WWE: Should The Money In The Bank Briefcase Be Defended?

The Money in The Bank briefcase is one of the most treasured items in the WWE. The briefcase holds a guaranteed championship opportunity at the time of their choosing but should the briefcase be defended?

The Money in the Bank briefcase has been a crowd favorite part of the WWE for nearly two decades. WWE Hall of Famer Edge won the first ever Money in the Bank ladder match at WrestleMania 21 in 2005. As the holder of the Money in the bank briefcase, Edge set the standard for future holders. He still holds the record for the men’s winners for the longest time span between winning the briefcase and cashing it in.

280 days after winning the inaugural match, Edge cashed in on a vulnerable John Cena after he had just retained the WWE Championship inside an Elimination Champion at the 2006 New Years Revolution pay-per-view. Edge cashed in the briefcase to win his first-ever WWE Championship and become “The Ultimate Opportunist” at the same time. Since Edge, the Money in the Bank briefcase has been held by 28 other individuals.

The Money in the Bank briefcase being defended on a regular basis would make the stakes higher for the holder. The first three holders of the briefcase defended the briefcase at least once while holding it. However, after Kennedy lost the briefcase in 2007, the briefcase wasn’t defended by a holder again until 2012 when Dolph Ziggler successfully defended it twice. Six years later, the briefcase was successfully defended again by Braun Strowman.

Unfortunately for Otis, he became the second person to lose the Money in the Bank briefcase in 2020. After nearly 200 days with the briefcase, The Miz defeated Otis at that year’s Hell in a Cell pay-per-view. Over a hundred days later, The Miz cashed in and became the WWE Champion for the second time, both from successful cash-in attempts.

Since 2012, the winner of New Japan Pro-Wrestling’s annual G1 Climax earns a certificate to fight for the IWGP World heavyweight Championship. Unlike the Money in the Bank contract, NJPW’s certificate has been defended by every winner of the G1 since the certificate was introduced. At this point, only Kota Ibushi has lost the certificate in a match against “Switchblade” Jay White. However, in poetic justice, White failed in his eventual championship match against Kota Ibushi, who still managed to become champion despite losing the certificate.

Despite these winners winning the G1 Climax to earn their eventual title shot, they are put to the test to prove their victory wasn’t a fluke. Back in the WWE, the latest men’s winner of the Money in the Bank has a lot to still prove in the eyes of some fans. At the ripe age of 25, Austin Theory is on the path to becoming one of the youngest world champions in WWE history. Although, Theory recently showed up on NXT with the Money in the Bank briefcase teasing a cash-in for the NXT Championship.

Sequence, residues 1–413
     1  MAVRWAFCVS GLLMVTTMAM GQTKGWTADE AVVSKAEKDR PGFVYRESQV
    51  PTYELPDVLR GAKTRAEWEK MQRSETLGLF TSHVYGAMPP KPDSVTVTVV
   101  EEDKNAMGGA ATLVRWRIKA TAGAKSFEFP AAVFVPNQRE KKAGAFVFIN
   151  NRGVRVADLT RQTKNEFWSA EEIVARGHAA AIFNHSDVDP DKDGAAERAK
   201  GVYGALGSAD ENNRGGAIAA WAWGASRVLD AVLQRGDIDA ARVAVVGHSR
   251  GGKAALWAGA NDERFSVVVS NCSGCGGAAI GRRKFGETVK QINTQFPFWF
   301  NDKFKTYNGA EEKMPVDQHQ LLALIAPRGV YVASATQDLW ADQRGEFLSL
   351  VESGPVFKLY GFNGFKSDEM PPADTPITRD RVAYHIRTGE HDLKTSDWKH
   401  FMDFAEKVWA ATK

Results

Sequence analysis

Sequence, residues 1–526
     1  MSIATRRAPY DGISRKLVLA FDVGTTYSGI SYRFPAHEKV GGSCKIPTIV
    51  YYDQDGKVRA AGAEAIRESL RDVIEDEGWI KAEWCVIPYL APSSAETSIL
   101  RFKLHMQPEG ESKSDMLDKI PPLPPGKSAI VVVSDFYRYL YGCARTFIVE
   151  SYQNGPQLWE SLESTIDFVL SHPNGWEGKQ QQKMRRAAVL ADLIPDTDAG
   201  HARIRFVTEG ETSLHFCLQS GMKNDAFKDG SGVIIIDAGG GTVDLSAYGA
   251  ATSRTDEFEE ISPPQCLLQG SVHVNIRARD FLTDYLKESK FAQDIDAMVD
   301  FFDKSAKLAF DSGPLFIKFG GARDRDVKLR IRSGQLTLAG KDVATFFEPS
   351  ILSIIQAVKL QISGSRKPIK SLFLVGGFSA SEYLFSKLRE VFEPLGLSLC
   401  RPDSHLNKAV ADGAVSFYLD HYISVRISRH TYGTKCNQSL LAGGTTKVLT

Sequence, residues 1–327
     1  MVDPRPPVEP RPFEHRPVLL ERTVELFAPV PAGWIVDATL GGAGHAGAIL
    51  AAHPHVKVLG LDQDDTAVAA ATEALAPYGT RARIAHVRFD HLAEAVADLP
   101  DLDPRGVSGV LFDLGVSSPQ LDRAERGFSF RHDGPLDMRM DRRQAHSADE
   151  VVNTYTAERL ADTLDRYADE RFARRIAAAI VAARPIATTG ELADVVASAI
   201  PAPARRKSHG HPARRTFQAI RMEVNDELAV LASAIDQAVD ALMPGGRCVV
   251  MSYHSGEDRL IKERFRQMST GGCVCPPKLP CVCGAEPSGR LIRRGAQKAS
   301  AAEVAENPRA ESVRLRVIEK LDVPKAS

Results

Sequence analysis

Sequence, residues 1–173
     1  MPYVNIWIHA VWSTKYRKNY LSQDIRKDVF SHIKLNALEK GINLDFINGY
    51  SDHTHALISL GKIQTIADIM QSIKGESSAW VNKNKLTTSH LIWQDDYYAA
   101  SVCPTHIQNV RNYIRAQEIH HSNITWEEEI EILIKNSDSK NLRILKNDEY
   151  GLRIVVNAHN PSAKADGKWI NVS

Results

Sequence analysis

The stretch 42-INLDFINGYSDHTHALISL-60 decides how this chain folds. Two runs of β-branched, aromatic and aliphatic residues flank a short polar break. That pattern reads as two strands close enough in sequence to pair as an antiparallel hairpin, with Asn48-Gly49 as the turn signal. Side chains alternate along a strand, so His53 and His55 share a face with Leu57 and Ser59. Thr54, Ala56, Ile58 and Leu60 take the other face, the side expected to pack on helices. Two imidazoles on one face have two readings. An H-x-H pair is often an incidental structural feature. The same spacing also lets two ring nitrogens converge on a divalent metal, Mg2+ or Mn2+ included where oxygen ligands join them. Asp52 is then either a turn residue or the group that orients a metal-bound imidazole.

Austin Theory failed to show up at Halloween Havoc which means that the NXT Championship isn’t his goal. However, Theory has a huge task in front of him if he wants to end the over two-year reign of the Undisputed WWE Universal Champion Roman Reigns. Theory hasn’t been built strongly as the holder of the briefcase, although some argue that he has. He has lost matches that he should have won to gain momentum. He has attempted to cash in the briefcase only to be knocked out by heavyweight boxing champion Tyson Fury.

Having Theory defend the briefcase against potential contenders for the WWE Championship and having him victorious would mean wonders for his young career. And for those that aren’t sold on Austin Theory, this would also give the potential outcome of somebody else winning the briefcase from him. There are fans already calling for the likes of Kevin Owens or Johnny Gargano to take the briefcase from Theory. Although, Theory still has the potential to be packaged as a true threat and future world champion.

Dolph Ziggler’s run as Mr. Money in the Bank is an example of how the briefcase can help build a star and guide them to the top. He defended the briefcase against two of the biggest stars in the WWE: Chris Jericho and John Cena. Ziggler was pushed strong and was able to beat big stars without even always doing it clean. He had AJ Lee and Big E in his corner to help him out but that didn’t matter to the fans that were screaming his name and begging him to cash in his briefcase on the Raw after WrestleMania in 2013, receiving one of the loudest crowd reactions in WWE history, even as a heel.

The Money in the Bank briefcase doesn’t need to be defended as much as a normal championship but it should be defended. It would add a much-needed change to the Money in the Bank rules that haven’t changed since the match was created. As it stands, the winner of the briefcase is looked at as a future world champion. It’s not if they will successfully cash in the contract but when will they successfully cash in the briefcase. Only five people have failed to cash in and become a champion, including Austin Theory who is yet to cash in, out of the 29 holders.

With odds like that in the holder’s favor, you can say that the holder has more than just a guaranteed championship match.  However, until the briefcase is cashed in, it becomes just a prop to carry around and in the case of some holders – a weapon. Let’s spice the Money in the Bank picture up a bit and have the briefcase defended more regularly. This can keep the holder and the briefcase both important in the holder’s matches and feuds. It would be a great way to end the storyline between Theory and his former mentor, Johnny Gargano. Now, don’t even get me started on the Royal Rumble…